Gibson Assembly® Master Mix


Gibson Assembly was developed by Dr. Daniel Gibson and his colleagues at the J. Craig Venter Institute and licensed to NEB by Synthetic Genomics, Inc. It allows for successful assembly of multiple DNA fragments, regardless of fragment length or end compatibility. It has been rapidly adopted by the synthetic biology community due to its ease-of-use, flexibility and suitability for large DNA constructs. 

Gibson Assembly efficiently joins multiple overlapping DNA fragments in a single-tube isothermal reaction (1,2). The Gibson Assembly Master Mix includes three different enzymatic activities that perform in a single buffer:
  • The exonuclease creates single-stranded 3´ overhangs that facilitate the annealing of fragments that share complementarity at one end (overlap region).
  • The polymerase fills in gaps within each annealed fragment.
  • The DNA ligase seals nicks in the assembled DNA.
The end result is a double-stranded fully sealed DNA molecule that can serve as template for PCR, RCA or a variety of other molecular biology applications, including direct transformation. The method has been successfully used by Gibson’s group and others to assemble oligonucleotides, DNA with varied overlaps (15–80 bp) and fragments hundreds of kilobases long (1–2).

To help select the best DNA assembly method for your needs, please use our Synthetic Biology/DNA Assembly Selection Chart.

For help designing primers, please view our primer design video.

Overview of the Gibson Assembly Method

Overview of the gibson assembly method


10 μl of 2X Gibson Assembly Master Mix was incubated with 6 fragments (5 fragments of 400 bp and one of 2,780 bp, with 40 bp overlap, 0.05 pmol each) in a final volume of 20 μl at 50°C for 60 minutes. NEB 5-alpha Competent E. coli (NEB #C2987) were transformed with 2 μl of the master mix/fragment mixture using the transformation protocol. Greater than 100 white colonies were observed when 1/10 of the outgrowth was spread on an ampicillin plate with IPTG/Xgal and incubated overnight.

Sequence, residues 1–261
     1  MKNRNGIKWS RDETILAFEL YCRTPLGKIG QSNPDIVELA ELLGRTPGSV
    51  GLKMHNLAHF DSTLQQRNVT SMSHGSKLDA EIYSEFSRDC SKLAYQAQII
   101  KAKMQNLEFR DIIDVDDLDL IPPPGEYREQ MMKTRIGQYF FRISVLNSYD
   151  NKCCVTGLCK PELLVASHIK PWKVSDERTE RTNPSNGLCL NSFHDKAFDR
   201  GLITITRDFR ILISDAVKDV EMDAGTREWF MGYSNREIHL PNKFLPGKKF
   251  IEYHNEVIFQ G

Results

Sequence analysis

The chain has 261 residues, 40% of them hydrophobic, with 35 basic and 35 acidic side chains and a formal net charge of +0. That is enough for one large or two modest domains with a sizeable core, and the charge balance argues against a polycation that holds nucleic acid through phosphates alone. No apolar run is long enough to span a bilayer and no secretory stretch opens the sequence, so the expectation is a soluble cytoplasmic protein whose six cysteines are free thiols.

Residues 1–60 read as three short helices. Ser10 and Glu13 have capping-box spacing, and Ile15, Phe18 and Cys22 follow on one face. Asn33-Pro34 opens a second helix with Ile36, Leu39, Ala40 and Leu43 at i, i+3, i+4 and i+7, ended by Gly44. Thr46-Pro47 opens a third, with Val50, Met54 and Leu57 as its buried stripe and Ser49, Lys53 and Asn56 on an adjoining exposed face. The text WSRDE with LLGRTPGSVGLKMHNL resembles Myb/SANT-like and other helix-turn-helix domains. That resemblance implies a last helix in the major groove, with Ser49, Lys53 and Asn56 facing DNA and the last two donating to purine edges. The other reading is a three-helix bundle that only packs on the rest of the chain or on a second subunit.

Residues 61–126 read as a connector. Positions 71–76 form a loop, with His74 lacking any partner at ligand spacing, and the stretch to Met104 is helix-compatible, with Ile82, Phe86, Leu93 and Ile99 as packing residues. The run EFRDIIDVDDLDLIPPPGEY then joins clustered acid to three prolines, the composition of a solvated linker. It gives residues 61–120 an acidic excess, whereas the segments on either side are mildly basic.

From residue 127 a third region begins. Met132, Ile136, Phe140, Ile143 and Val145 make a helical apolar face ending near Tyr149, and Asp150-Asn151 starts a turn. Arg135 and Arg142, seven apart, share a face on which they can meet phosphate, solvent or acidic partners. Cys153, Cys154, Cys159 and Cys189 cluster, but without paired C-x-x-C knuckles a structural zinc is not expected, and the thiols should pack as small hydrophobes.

Overview of Gibson Assembly Master Mix Protocol:
  • Design primers to amplify fragments (and/or vector) with appropriate overlaps
  • PCR amplify fragments using a high-fidelity DNA polymerase.
  • Prepare linearized vector by PCR amplification using a high-fidelity DNA polymerase or by restriction digestion.
  • Confirm and determine concentration of fragments using agarose gel electrophoresis, a Nanodrop™ instrument or other method
  • Add DNAs to Gibson Assembly Master Mix and incubate at 50°C for 15 minutes to 1 hour, depending on number of fragments being assembled.
  • Transform into E. coli or use directly in other applications

table icon Comparison of DNA Assembly Reaction Types


Kit Components

The following reagents are supplied with this product:

Store at (°C)Concentration
NEBuilder® Positive Control-202X
Gibson Assembly® Master Mix-20*2X
NEB® 10-beta/Stable Outgrowth Medium4

* Reagents' Storage Notes

  • Gibson Assembly® Master Mix: Store at -20°C. Thaw, vortex thoroughly before use and keep on ice.

Advantages and Features


  • Increased number of successful assembly products, particularly for longer or greater number of fragments
  • Flexible sequence design (scarless cloning)
  • No clean-up step required
  • Complex assembly achieved in 1 hour
  • DNA can be used immediately for transformation, or as template for PCR or RCA
  • Easily adapted for multiple DNA manipulations, including site directed mutagenesis, insertions and deletions

Properties and Usage

Materials Required but not Supplied

DNA Polymerases (for generating PCR products):
We recommend Q5® High-Fidelity DNA Polymerase (NEB #M0491) or related products, such as Q5 Hot Start Flex DNA Polymerase (NEB #M0493), Q5 Hot Start Flex 2X Master Mix (NEB #M0494).

LB (Luria-Bertani) plates with appropriate antibiotic.

SOC Outgrowth Medium (NEB #B9020).

Competent Cells: